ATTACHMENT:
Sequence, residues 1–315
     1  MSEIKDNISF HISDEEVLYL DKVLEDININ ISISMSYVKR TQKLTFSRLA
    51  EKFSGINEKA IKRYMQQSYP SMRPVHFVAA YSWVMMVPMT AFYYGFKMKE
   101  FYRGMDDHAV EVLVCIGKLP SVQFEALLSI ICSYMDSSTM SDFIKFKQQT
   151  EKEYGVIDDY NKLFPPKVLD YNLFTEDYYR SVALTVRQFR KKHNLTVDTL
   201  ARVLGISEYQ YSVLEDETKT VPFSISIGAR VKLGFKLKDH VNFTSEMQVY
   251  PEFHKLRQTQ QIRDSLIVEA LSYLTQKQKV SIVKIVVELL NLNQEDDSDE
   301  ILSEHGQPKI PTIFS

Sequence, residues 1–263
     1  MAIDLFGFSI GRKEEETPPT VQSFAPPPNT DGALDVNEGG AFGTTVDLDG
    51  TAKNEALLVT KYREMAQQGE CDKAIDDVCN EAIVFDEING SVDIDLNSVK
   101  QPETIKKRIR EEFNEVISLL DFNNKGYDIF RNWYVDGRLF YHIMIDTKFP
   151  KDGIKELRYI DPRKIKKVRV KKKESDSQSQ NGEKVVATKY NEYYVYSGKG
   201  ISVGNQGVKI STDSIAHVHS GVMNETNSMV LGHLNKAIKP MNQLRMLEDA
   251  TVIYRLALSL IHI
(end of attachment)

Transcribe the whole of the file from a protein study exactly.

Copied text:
Sequence, residues 1–315
     1  MSEIKDNISF HISDEEVLYL DKVLEDININ ISISMSYVKR TQKLTFSRLA
    51  EKFSGINEKA IKRYMQQSYP SMRPVHFVAA YSWVMMVPMT AFYYGFKMKE
   101  FYRGMDDHAV EVLVCIGKLP SVQFEALLSI ICSYMDSSTM SDFIKFKQQT
   151  EKEYGVIDDY NKLFPPKVLD YNLFTEDYYR SVALTVRQFR KKHNLTVDTL
   201  ARVLGISEYQ YSVLEDETKT VPFSISIGAR VKLGFKLKDH VNFTSEMQVY
   251  PEFHKLRQTQ QIRDSLIVEA LSYLTQKQKV SIVKIVVELL NLNQEDDSDE
   301  ILSEHGQPKI PTIFS

Sequence, residues 1–263
     1  MAIDLFGFSI GRKEEETPPT VQSFAPPPNT DGALDVNEGG AFGTTVDLDG
    51  TAKNEALLVT KYREMAQQGE CDKAIDDVCN EAIVFDEING SVDIDLNSVK
   101  QPETIKKRIR EEFNEVISLL DFNNKGYDIF RNWYVDGRLF YHIMIDTKFP
   151  KDGIKELRYI DPRKIKKVRV KKKESDSQSQ NGEKVVATKY NEYYVYSGKG
   201  ISVGNQGVKI STDSIAHVHS GVMNETNSMV LGHLNKAIKP MNQLRMLEDA
   251  TVIYRLALSL IHI